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Traditional Information Bulletin #24
Number 24 - December 2008



Group Co-ordinator and Bulletin Editor:
Kenneth Ruddle, Asahigaoka-cho 7-22-511, Ashiya-shi, Hyogo-ken, Japan 659-0012.

Information Section, Fisheries Aquaculture and Marine Ecosystems Division, SPC, BP D5, 98848 Noumea Cedex, New Caledonia

Produced with financial assistance from Australia, France and New Zealand.

Note from the editor

In this issue we present three articles. In the first, “A preliminary exploration of relationships among fishery management, food security, and the Millennium Development Goals in Melanesia”, Simon Foale uses human development indicators (HDIs) to hypothesize scenarios for the relationship among food security, commodity fisheries and human development for Papua New Guinea, Solomon Islands and Vanuatu. The high rates of human population in those countries eventually threaten to upset present stability. Since it has been demonstrated that educating women is the best way to slow human population growth, the author concludes that education in this region should become a priority area for investment.

In “Nearshore fisheries and human development in Vanuatu and other parts of Melanesia”, Francis R. Hickey explores both how fisheries may contribute to the furthering of human development, and the need for alternative measures of human development. Conditions in Vanuatu and its Melanesian neighbors provide unique scenarios for exploring alternative human development measures that are not well captured by conventional indicators such as GNP, HDI or MDGs. These ideas are briefly explored from the perspective of the human development goals to reduce poverty, enhance education and promote gender equity. The author’s objective is to stimulate more interest within the region on the human development value of nearshore fisheries and on alternative human development models and measures that better reflect Oceania’s unique characteristics. Hickey argues for greater recognition of the value of nearshore fisheries, and their inclusion as an important indicator of the human development goals of poverty reduction, education and gender equality.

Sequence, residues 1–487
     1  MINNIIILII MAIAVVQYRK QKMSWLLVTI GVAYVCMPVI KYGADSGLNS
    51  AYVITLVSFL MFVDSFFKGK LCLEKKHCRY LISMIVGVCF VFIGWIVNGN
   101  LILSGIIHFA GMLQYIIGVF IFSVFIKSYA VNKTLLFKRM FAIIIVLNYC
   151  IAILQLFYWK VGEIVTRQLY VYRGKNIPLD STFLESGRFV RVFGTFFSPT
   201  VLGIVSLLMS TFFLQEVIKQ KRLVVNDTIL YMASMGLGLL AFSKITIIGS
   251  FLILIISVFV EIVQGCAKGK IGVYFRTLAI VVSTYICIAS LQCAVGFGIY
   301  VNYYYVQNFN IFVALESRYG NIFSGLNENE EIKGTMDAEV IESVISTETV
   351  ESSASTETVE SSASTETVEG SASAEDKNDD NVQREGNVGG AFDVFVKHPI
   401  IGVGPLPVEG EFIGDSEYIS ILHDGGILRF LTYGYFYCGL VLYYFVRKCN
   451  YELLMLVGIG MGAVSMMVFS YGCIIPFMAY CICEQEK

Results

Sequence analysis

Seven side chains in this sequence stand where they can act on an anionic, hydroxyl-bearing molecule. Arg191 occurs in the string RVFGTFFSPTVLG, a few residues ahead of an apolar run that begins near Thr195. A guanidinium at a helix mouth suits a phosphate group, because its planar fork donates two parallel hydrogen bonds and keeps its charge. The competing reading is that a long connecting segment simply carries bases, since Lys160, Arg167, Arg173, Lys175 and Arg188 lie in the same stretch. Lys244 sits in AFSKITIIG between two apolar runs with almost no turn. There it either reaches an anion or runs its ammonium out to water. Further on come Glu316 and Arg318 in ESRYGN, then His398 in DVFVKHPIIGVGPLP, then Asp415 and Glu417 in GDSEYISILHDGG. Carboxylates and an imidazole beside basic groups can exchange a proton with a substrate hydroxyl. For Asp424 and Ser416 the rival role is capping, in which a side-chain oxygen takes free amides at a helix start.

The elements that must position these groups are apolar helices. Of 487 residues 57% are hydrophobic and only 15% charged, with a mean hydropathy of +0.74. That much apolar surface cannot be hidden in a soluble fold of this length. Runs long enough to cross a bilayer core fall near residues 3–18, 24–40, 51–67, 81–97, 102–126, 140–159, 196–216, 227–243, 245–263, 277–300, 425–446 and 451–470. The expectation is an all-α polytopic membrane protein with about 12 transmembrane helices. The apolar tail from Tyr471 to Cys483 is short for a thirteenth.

In the third paper, Yae Sano examines “The role of social capital in a common property resource system in coastal areas: A case study of community- based coastal resource management in Fiji”. She analyses the bonding and bridging functions of social capital in community-based coastal resource management. Strong bonds among villagers help disseminate information and knowledge within a community, and a kinship-based village structure contributes to a high degree of accountability among those villagers nominated as fish wardens, and responsible for monitoring marine resources. Sano examines cooperation between NGOs and villagers, and the congruence between institutions and local conditions.

Earlier versions of the papers by Foale and Hickey were presented orally at the 5th World Congress of Fisheries, held in Yokohama 20–24 October 2008. In his presentation at Yokohama, Simon Foale gave an excellent overview of “Gapminder”. I had never heard of it, which is not that surprising since there must be an enormous number of interesting things I’ve not heard about in the very fast-moving world of IT. So I checked it out, found it fascinating — even addictive — and thought it might prove interesting to those readers who also might not have been aware of it. You can check it immediately by skipping the rest of this, and going directly to http://www.gapminder.org.